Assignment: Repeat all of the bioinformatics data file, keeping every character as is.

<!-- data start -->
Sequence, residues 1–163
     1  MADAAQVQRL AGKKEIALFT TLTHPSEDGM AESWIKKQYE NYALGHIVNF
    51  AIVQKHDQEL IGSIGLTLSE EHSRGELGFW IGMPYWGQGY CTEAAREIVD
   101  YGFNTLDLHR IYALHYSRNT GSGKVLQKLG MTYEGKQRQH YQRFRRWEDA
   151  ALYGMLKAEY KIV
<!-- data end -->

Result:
Sequence, residues 1–163
     1  MADAAQVQRL AGKKEIALFT TLTHPSEDGM AESWIKKQYE NYALGHIVNF
    51  AIVQKHDQEL IGSIGLTLSE EHSRGELGFW IGMPYWGQGY CTEAAREIVD
   101  YGFNTLDLHR IYALHYSRNT GSGKVLQKLG MTYEGKQRQH YQRFRRWEDA
   151  ALYGMLKAEY KIV